Eastern Pacific Tuna Longline

Fishery Improvement Projects

Eastern Pacific Tuna Longline

  • Species Name: Albacore (Thunnus alalunga), Yellowfin (Thunnus albacares) and Bigeye (Thunnus obesus)
  • Location/Region: Ecuador EEZ and international waters of the Eastern Pacific Ocean
  • Gear Type: Longline
  • Volume: 400 MT

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Eastern Pacific Ocean Tuna Longline (Transmarina)

FIP Stage: 3 (FIP Implementation)
Last Updated: July 2019

Ecuador is a major world player in the tuna industry. The Ecuadorian tuna industry generates 1.2 billion dollars and employs, directly and indirectly, approximately 50,000 people in the country’s coastal region. Transmarina is a company that operates a fleet of four industrial longline vessels that target bigeye tuna, yellowfin tuna, and southern albacore tuna. These species are caught using state-of-the-art technology to improve retrieval of fishing lines and other systems that reduce negative ecosystem impacts. The fleet’s catch supplies the sashimi markets of Europe and Asia.

Critical issues challenging this fishery include the lack of information about where the fleet operates, its level of fishing effort, and its impact on the marine ecosystem.

The active involvement of FIP Stakeholders, including WWF Ecuador, the Ministry of Foreign Trade and Fisheries, Industrial fishing associations, National Fishery Institute (INP) and Fishery School of the Eastern Pacific Ocean (EPESPO), and FIP Participants drives improvements against the Marine Stewardship Council standard.

© Michel Gunther | WWF


FIP efforts address governance, fishing practices, and environmental impacts of the fishery so that it can meet the MSC standard. This work is steered by FIP participants and FIP stakeholders and includes:
  • Promoting Best Fishing Practices: Continuous trainings are being conducted with fishermen to promote best practices in handling and release of bycatch.

  • Transmarina and Tunacons are promoting the development of the Tuna National Action Plan.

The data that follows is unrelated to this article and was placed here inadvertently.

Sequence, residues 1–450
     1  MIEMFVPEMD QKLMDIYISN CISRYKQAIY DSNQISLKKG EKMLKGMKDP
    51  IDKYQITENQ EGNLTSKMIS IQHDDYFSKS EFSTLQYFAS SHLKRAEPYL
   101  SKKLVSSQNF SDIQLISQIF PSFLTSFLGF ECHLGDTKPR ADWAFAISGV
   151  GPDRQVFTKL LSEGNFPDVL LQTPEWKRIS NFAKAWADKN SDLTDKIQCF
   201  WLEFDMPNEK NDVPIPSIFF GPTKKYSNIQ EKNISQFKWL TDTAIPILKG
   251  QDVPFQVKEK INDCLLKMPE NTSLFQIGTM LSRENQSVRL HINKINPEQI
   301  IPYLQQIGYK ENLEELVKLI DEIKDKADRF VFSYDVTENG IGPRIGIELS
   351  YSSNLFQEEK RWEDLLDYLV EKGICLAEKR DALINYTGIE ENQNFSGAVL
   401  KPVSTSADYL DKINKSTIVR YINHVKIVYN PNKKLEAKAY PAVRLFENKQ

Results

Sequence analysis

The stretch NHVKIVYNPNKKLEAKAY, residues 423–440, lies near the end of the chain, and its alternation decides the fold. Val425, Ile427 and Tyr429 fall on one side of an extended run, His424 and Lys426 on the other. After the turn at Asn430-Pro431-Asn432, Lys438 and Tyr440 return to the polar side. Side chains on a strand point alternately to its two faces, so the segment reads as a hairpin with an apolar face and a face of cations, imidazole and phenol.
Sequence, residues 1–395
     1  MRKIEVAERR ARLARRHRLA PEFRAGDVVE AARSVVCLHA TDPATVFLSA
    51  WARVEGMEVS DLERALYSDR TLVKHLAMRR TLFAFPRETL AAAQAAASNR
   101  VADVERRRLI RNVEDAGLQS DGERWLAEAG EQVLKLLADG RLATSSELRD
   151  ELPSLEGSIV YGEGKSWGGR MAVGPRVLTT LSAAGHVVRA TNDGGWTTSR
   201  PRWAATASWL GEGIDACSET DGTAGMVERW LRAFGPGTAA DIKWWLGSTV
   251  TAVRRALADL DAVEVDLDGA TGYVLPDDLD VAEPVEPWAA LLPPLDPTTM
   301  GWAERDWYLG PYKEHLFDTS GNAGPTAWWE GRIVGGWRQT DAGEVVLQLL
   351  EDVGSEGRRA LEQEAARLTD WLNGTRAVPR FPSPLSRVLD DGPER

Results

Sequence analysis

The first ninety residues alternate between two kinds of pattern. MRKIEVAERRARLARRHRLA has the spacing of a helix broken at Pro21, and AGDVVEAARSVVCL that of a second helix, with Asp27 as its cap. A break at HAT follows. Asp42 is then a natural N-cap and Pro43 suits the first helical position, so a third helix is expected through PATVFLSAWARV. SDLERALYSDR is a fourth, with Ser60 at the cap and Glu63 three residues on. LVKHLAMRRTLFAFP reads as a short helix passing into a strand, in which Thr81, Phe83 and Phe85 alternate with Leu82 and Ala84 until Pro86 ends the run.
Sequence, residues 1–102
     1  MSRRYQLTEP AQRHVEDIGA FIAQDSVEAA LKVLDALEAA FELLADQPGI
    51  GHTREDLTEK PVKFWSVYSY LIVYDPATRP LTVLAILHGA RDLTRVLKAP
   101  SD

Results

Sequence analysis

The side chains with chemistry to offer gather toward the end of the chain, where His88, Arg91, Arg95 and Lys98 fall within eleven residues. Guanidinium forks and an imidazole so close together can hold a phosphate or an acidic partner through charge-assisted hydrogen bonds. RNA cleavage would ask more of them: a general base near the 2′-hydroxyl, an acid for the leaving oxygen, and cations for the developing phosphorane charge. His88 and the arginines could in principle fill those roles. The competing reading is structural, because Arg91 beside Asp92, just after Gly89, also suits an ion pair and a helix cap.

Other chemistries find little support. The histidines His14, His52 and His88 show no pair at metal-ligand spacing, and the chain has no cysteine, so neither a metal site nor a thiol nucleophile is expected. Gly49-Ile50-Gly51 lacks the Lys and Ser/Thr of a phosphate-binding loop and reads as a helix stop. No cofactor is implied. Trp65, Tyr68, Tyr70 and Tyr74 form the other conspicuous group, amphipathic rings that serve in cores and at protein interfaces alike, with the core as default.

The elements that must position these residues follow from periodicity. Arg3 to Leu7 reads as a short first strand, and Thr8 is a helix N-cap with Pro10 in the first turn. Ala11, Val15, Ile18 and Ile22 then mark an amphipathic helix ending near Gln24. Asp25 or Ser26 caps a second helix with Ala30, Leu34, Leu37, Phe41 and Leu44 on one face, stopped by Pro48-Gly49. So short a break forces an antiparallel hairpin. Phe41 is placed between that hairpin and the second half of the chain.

• Conducting the first technical analysis on bycatch of the Ecuadorian industrial tuna longline vessels in the eastern Pacific.


We encourage action across the supply chain to support FIP progress. A FIP Participant is an industry member that is part of the seafood supply chain for the FIP product and is actively engaged in supporting the FIP.




  • Transmarina


How Can I Become a FIP Participant?

A FIP Participant is an industry member that is part of the seafood supply chain for the FIP product (e.g., retailers, food service providers, suppliers, manufacturers, etc.) and is actively engaged in supporting the FIP. WWF-US encourages support of FIP participants, and will acknowledge FIP Participants on our sustainable seafood website and in other communications regarding our FIP work.

To be considered by WWF-US as a FIP Participant the participating entity is expected to follow the WWF-US FIP Participant Policy.

For more information about what a FIP is and how you can play a role, please contact info@nullseafoodsustainability.org.


The Marine Stewardship Council uses 28 performance indicators to assess the sustainability of fisheries. The chart represents the percentage of indicators that would likely pass, pass with conditions for improvement, or fail upon the fishery’s full assessment.

Eastern Pacific Ocean Tuna Longline (Transmarina) FIP Status

Initial Assessment

Implementing Improvements

We use a step-wise process to evaluate the fishery’s performance and identify sustainability issues, and then to implement improvements and report results. Want to dive deeper into this FIP’s progress on each of the MSC performance indicators? Visit FisheryProgress.org.


The fishery has achieved the following impacts through improved practices and management
  • Design and implementation of the first fishery observer program of its kind. On-board observers covering all vessels in the fleet are collecting valuable information on areas of operation, fishing effort and catches of the fleet.

© WWF-US | Molly Edmonds

Other efforts to promote a sustainable future for Ecuador’s fisheries

August 7, 2018

Another critically important fishery to Ecuador, the mahi mahi fishery, is one of the country’s most valuable artisanal fisheries and products are primarily exported to the United States. To promote a sustainable future for this critical fishery, Ecuador’s undersecretary of fisheries resources, in collaboration with WWF, launched the Ecuador Mahi Mahi FIP in 2010.


Get Involved

Become a FIP Participant

By signing on to support a FIP you are joining forces with other leaders in the industry that seek to help conserve marine ecosystems, protect livelihoods, and increase the number of sustainable fisheries and the overall supply of sustainable seafood.


© Antonio Busiello | WWF-US